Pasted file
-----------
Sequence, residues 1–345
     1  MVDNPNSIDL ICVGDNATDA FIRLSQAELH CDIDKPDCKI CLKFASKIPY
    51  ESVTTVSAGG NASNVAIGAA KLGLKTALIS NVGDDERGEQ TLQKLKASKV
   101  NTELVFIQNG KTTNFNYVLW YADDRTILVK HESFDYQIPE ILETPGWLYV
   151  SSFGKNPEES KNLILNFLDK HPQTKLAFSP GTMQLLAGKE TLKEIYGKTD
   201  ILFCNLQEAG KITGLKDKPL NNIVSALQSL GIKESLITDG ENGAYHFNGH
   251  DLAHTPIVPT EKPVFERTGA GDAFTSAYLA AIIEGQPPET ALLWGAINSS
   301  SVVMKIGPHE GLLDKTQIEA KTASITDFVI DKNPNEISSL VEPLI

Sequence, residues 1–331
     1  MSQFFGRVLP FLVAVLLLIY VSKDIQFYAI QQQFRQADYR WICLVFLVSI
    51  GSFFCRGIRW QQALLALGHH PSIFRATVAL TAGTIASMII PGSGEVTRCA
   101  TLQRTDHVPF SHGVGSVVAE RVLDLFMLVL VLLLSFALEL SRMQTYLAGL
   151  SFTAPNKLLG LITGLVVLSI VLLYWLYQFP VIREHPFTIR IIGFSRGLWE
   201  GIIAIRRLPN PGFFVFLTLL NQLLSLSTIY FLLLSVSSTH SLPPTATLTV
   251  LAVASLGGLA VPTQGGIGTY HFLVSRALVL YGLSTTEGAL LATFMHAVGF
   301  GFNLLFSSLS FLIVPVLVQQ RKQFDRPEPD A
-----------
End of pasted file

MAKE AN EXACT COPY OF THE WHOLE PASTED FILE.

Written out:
Sequence, residues 1–345
     1  MVDNPNSIDL ICVGDNATDA FIRLSQAELH CDIDKPDCKI CLKFASKIPY
    51  ESVTTVSAGG NASNVAIGAA KLGLKTALIS NVGDDERGEQ TLQKLKASKV
   101  NTELVFIQNG KTTNFNYVLW YADDRTILVK HESFDYQIPE ILETPGWLYV
   151  SSFGKNPEES KNLILNFLDK HPQTKLAFSP GTMQLLAGKE TLKEIYGKTD
   201  ILFCNLQEAG KITGLKDKPL NNIVSALQSL GIKESLITDG ENGAYHFNGH
   251  DLAHTPIVPT EKPVFERTGA GDAFTSAYLA AIIEGQPPET ALLWGAINSS
   301  SVVMKIGPHE GLLDKTQIEA KTASITDFVI DKNPNEISSL VEPLI

Sequence, residues 1–331
     1  MSQFFGRVLP FLVAVLLLIY VSKDIQFYAI QQQFRQADYR WICLVFLVSI
    51  GSFFCRGIRW QQALLALGHH PSIFRATVAL TAGTIASMII PGSGEVTRCA
   101  TLQRTDHVPF SHGVGSVVAE RVLDLFMLVL VLLLSFALEL SRMQTYLAGL
   151  SFTAPNKLLG LITGLVVLSI VLLYWLYQFP VIREHPFTIR IIGFSRGLWE
   201  GIIAIRRLPN PGFFVFLTLL NQLLSLSTIY FLLLSVSSTH SLPPTATLTV
   251  LAVASLGGLA VPTQGGIGTY HFLVSRALVL YGLSTTEGAL LATFMHAVGF
   301  GFNLLFSSLS FLIVPVLVQQ RKQFDRPEPD A